Becks Japan #2

Thu, 25 Apr 2019 19:00 - 23:00 JST

LINE Corporation Shinjuku Miraina Tower Office, LINE Cafe, 23th floor

Tokyo, Shinjuku-ku, Shinjuku 4-1-6 JR Miraina Tower 23rd floor


Registration is closed

Get invited to future events

Free admission
Reception on 5th floor, please take escalators to 5th floor.


Becks Japan #2

Second edition of Becks in Japan. Talks by @ninoseki, @binspecta (ramses), and @kkamagui1

Twitter Hashtag : #becks_jp

Featured talks (see below for details):

  1. How to become a phisherman by ninoseki (Manabu Niseki)
  2. Another one bites the apple! by ramses (JunHo Jang)
  3. Betrayal of Reputation: Trusting the Untrustable Hardware and Software with Reputation by kkamagui (Seunghun Han)


  • 18:50 Open
  • 19:20 Welcoming words (10min)
  • 19:30 How to become a phisherman (30 min)
  • 20:00 Another one bites the apple! (40 min)
  • 20:40 Break (10 min)
  • 20:50 Betrayal of Reputation: Trusting the Untrustable Hardware and Software with Reputation (50 mins)
  • 21:40 Social event (with beers!)
  • 23:00 End

Talk details:

1. How to become a phisherman by ninoseki (Manabu Niseki)

  • Abstract: Phishing is an old technique but it is still active today. You should catch a phish for understanding how phishing works.
    In this talk I will provide methodologies for phishing kit hunting and a tool for that. My methodologies and the tool is based on OSINT so you can try it free!
  • Profile: ninoseki is a researcher who works in a CSIRT, an OSS contributor who focuses on infosec things.
  • Language: Japanese (with English translation)

2. Another one bites the apple! by ramses (JunHo Jang)

  • Abstract: OSX/iOS kernel has some attack surfaces from user space such as IOKit, system call, MIG(Mach Interface Generator) handler. Especially, MIG is XNU kernel's distinct feature from LINUX or UNIX.

    In this talk, I will introduce some methods related to finding vulnerabilities in XNU kernel's MIG handler, including:​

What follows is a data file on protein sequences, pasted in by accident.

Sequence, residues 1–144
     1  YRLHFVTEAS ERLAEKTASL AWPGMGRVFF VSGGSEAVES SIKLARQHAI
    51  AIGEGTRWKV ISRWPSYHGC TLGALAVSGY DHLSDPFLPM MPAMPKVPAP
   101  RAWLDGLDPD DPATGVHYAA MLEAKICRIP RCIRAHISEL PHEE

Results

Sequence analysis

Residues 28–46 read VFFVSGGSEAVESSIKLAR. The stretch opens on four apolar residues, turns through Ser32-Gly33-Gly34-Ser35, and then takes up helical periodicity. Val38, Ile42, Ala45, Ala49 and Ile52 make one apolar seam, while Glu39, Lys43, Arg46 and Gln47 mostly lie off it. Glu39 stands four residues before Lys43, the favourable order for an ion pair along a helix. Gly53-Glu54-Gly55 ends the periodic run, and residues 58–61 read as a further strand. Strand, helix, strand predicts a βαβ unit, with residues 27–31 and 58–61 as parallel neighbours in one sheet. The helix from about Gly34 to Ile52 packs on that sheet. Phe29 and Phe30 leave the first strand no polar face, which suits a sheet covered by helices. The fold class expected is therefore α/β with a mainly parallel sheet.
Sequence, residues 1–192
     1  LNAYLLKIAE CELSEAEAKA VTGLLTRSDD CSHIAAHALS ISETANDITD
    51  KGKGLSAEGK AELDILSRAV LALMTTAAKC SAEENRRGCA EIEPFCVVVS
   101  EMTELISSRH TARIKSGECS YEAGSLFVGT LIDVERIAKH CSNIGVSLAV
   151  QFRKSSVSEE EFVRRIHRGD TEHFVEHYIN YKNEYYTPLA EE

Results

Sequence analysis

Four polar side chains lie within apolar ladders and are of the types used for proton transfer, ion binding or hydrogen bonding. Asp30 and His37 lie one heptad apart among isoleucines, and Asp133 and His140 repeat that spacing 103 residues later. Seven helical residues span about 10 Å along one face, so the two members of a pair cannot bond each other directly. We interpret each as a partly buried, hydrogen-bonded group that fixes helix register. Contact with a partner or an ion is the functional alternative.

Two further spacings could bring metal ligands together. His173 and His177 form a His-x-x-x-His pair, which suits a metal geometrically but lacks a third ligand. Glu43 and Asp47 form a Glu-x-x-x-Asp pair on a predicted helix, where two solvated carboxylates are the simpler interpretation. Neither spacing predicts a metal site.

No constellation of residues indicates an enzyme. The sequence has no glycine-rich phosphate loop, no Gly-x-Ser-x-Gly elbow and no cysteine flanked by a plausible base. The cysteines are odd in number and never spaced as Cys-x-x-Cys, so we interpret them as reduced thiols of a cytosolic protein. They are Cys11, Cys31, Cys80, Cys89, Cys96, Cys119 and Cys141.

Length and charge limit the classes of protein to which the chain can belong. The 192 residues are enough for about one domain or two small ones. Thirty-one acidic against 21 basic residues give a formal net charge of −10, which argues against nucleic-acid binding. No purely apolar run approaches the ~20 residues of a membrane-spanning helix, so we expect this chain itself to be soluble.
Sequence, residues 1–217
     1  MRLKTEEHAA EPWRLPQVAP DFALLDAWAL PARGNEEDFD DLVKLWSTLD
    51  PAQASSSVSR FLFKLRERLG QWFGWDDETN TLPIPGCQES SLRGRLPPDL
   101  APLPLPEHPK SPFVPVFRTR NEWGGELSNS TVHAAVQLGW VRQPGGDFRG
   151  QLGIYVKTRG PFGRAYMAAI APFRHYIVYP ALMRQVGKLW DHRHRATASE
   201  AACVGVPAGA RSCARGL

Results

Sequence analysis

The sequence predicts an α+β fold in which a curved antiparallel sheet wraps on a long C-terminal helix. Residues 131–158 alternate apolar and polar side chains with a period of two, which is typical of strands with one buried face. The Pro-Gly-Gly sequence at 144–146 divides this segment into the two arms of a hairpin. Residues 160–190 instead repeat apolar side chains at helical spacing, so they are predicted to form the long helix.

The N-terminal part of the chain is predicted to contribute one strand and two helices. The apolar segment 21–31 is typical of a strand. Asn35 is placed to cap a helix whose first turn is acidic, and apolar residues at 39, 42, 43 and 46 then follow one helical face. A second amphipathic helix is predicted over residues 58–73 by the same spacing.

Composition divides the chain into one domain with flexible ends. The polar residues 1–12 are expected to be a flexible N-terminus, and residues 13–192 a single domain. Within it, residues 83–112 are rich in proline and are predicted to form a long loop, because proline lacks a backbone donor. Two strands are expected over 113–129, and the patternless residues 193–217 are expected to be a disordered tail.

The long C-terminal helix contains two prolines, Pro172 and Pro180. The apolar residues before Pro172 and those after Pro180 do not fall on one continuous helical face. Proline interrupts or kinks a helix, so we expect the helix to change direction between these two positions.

• Analyzing the MIG handler in XNU kernel
    • Making a simple fuzzing framework through XNU kernel compile
    • Analyzing a kernel heap buffer overflow vulnerability (0-day)

    ​Lastly, I will talk about challenges in exploiting this vulnerability.

  • Profile: My role at LINE is to keep cryptocurrency exchange secure. For this, I do source code auditing, infra structure check, and security policies assessment.

    Also, I used to play CTFs as a member of a team named PLUS. ~10 years ago, our team got 3rd place in Defcon CTF. As a bug hunter, I'm very interested in finding bug from web browsers or apple products.

  • Language: English (with Japanese translation)

3. Betrayal of Reputation: Trusting the Untrustable Hardware and Software with Reputation by kkamagui (Seunghun Han)

  • Abstract: Reputation is based on trust and people normally believe the products produced by global companies like Intel, HP, Dell, Lenovo, GIGABYTE and ASUS because of their reputation. Their products are built with some kinds of hardware and software that are made by them or confirmed by them. Global companies have spent their efforts making and managing high-quality products for profit and reputation. So, trust based on reputation works properly. Despite their efforts, the complexity of hardware and software has been increasing. Because of it, it is hard to check the correctness and completeness of specifications and implementations related to their products.

    In this talk, I introduce the case that hardware and software, especially BIOS/UEFI firmware, Intel Trusted Execution Technology (TXT), and Trusted Platform Module (TPM), betrays your trust. Reputable companies defined specifications and implemented them. TPM with UEFI/BIOS firmware and Intel TXT has been widely used and responsible for the root of trust.

    I found two vulnerabilities, CVE-2017- 16837 and CVE-2018-6622, related to the sleep process. Unlike previous researches, the vulnerabilities can subvert the TPM without physical access. To mitigate the vulnerabilities, I also introduce countermeasures and a tool, "Napper", to check the vulnerabilities. Sleep process is a vital part of the vulnerabilities, so Napper makes your system take a nap and check them.

  • Profile: Seunghun Han is a hypervisor and an operating system security researcher at National Security Research Institute of South Korea and before that was a firmware engineer at Samsung Electronics. He is an expert in the hypervisor and had his own hypervisor, Shadow-box. He also had several CVEs on Linux kernel and BIOS/UEFI firmware, and he contributed patches to various system and security software.

    He was a speaker and an author at USENIX Security, Black Hat Asia, HITBSecConf, beVX, and KIMCHICON.

    He also authored the books, "64-bit multi-core OS principles and structure, volume 1 (ISBN-13: 978-8979148367) and volume 2 (ISBN- 13: 978-8979148374)".

  • Language: English (with Japanese translation)

About this community



Important Notice We are going to use Conpass instead of Doorkeepr unfortunately. Please keep eye on Beer and Hacks A community of hackers, security researchers, an...

Join community